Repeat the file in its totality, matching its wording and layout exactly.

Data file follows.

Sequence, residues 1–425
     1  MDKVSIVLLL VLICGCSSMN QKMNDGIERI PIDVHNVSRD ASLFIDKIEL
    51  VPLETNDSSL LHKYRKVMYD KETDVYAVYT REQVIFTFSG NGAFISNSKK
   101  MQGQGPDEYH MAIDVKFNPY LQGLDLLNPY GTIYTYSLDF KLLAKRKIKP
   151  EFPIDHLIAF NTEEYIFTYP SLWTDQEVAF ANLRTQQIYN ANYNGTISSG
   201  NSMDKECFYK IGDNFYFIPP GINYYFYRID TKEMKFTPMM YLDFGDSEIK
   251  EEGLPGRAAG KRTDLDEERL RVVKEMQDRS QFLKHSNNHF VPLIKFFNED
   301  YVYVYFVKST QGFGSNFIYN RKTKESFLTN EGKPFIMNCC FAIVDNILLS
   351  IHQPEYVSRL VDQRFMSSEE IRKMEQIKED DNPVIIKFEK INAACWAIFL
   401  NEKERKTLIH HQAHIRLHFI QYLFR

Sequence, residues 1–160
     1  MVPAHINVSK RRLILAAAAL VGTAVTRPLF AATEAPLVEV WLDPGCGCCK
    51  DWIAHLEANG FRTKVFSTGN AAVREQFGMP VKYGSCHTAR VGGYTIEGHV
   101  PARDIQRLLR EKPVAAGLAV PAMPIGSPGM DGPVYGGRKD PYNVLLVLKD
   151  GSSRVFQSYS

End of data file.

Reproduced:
Sequence, residues 1–425
     1  MDKVSIVLLL VLICGCSSMN QKMNDGIERI PIDVHNVSRD ASLFIDKIEL
    51  VPLETNDSSL LHKYRKVMYD KETDVYAVYT REQVIFTFSG NGAFISNSKK
   101  MQGQGPDEYH MAIDVKFNPY LQGLDLLNPY GTIYTYSLDF KLLAKRKIKP
   151  EFPIDHLIAF NTEEYIFTYP SLWTDQEVAF ANLRTQQIYN ANYNGTISSG
   201  NSMDKECFYK IGDNFYFIPP GINYYFYRID TKEMKFTPMM YLDFGDSEIK
   251  EEGLPGRAAG KRTDLDEERL RVVKEMQDRS QFLKHSNNHF VPLIKFFNED
   301  YVYVYFVKST QGFGSNFIYN RKTKESFLTN EGKPFIMNCC FAIVDNILLS
   351  IHQPEYVSRL VDQRFMSSEE IRKMEQIKED DNPVIIKFEK INAACWAIFL
   401  NEKERKTLIH HQAHIRLHFI QYLFR

Sequence, residues 1–160
     1  MVPAHINVSK RRLILAAAAL VGTAVTRPLF AATEAPLVEV WLDPGCGCCK
    51  DWIAHLEANG FRTKVFSTGN AAVREQFGMP VKYGSCHTAR VGGYTIEGHV
   101  PARDIQRLLR EKPVAAGLAV PAMPIGSPGM DGPVYGGRKD PYNVLLVLKD
   151  GSSRVFQSYS